TORONTO-In contrast to the short backward slide of the USmarket, Toronto’s office space actually saw a drop in vacancy inthe third quarter 2010 to less than 10%, which hasn’t been seensince early 2009. The lease-up of four new office towers to about10% vacancy helped the market, though Avison & Young expertssay the focus is now on large blocks available in former bankbuildings downtown.


Bill Argeropoulos, VP and director of Canada research for thecompany, says the movement seen but not proven in the secondquarter finally came to roost in the third, with close to 2.5million square feet of transactions, 70% being renewals andexpansions, and 30% relocations. However, he tells thatthe 9.7% vacancy isn’t too wonderful, as space that’s currentlyoccupied but being marketed boosts the potential vacancy to 11.6%.“It’s likely foreshadowing, the vacancy figure will probably tickup higher and peak in 2011 before it begins to retreat,” hesays.


He says four of the five new office towers downtown are now 90%occupied, including Bay-Adelaide Centre West, Telus Tower, RBCCentre and Maple Leave Square. Only 18 York St. is still underconstruction, “and that building is largely leased, only one flooravailable, and it should be delivered in the latter half of 2011,”Argeropoulos says. There are 11 full floors available in thesedevelopments, with the largest contiguous block being 80,000 squarefeet.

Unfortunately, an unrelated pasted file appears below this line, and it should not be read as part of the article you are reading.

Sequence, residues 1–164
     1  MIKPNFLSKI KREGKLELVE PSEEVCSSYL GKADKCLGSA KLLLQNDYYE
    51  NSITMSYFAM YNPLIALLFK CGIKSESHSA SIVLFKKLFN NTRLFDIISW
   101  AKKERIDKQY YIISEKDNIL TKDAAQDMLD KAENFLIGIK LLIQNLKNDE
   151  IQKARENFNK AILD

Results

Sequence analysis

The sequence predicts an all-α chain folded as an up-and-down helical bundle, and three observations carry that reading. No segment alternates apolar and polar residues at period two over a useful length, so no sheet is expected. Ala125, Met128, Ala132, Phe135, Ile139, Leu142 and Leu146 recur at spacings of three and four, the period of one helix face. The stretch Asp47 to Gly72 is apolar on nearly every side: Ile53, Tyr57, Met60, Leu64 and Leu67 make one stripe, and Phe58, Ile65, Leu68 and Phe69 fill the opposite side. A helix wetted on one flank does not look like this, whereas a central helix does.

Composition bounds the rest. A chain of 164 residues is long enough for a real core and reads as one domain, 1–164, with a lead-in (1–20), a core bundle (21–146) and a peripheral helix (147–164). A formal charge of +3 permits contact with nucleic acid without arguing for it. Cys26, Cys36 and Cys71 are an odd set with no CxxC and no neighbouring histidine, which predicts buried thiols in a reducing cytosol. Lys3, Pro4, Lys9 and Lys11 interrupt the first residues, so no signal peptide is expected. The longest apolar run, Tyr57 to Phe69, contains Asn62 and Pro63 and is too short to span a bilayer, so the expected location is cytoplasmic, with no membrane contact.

Now, it’s the older large bank buildings in the city’s financialcore that are at risk of losing tenants. “If you look at the fourtowers there, there’s more than 200,000 square feet available, aresult of tenants vacating for the new buildings or otherproperties,” Argeropoulos says. “They’re at 16% vacant, a glut inthat district that I’ve not seen in my 22 years in thebusiness.”


These older structures include Commerce Court West, Royal TrustTower, First Canadian Place and TD Bank Center. Argeropoulos saysrenovation projects have begun for the properties, especially atthe Brookfield-owned First Canadian, where the company is in theprocess of re-skinning the 72-story, 2.4-million-square-footbuilding, now about 17% vacant.


Similar to the US market, the Toronto trophy office market isstarting to narrow, he says. “It’s getting so that large-blockusers, and/or tenants who want a LEED-certified space, may have towait another three-to-four years. There isn’t a developer who isgoing to go into the ground on a speculative basis unless there’s awilling lead tenant,” he says.

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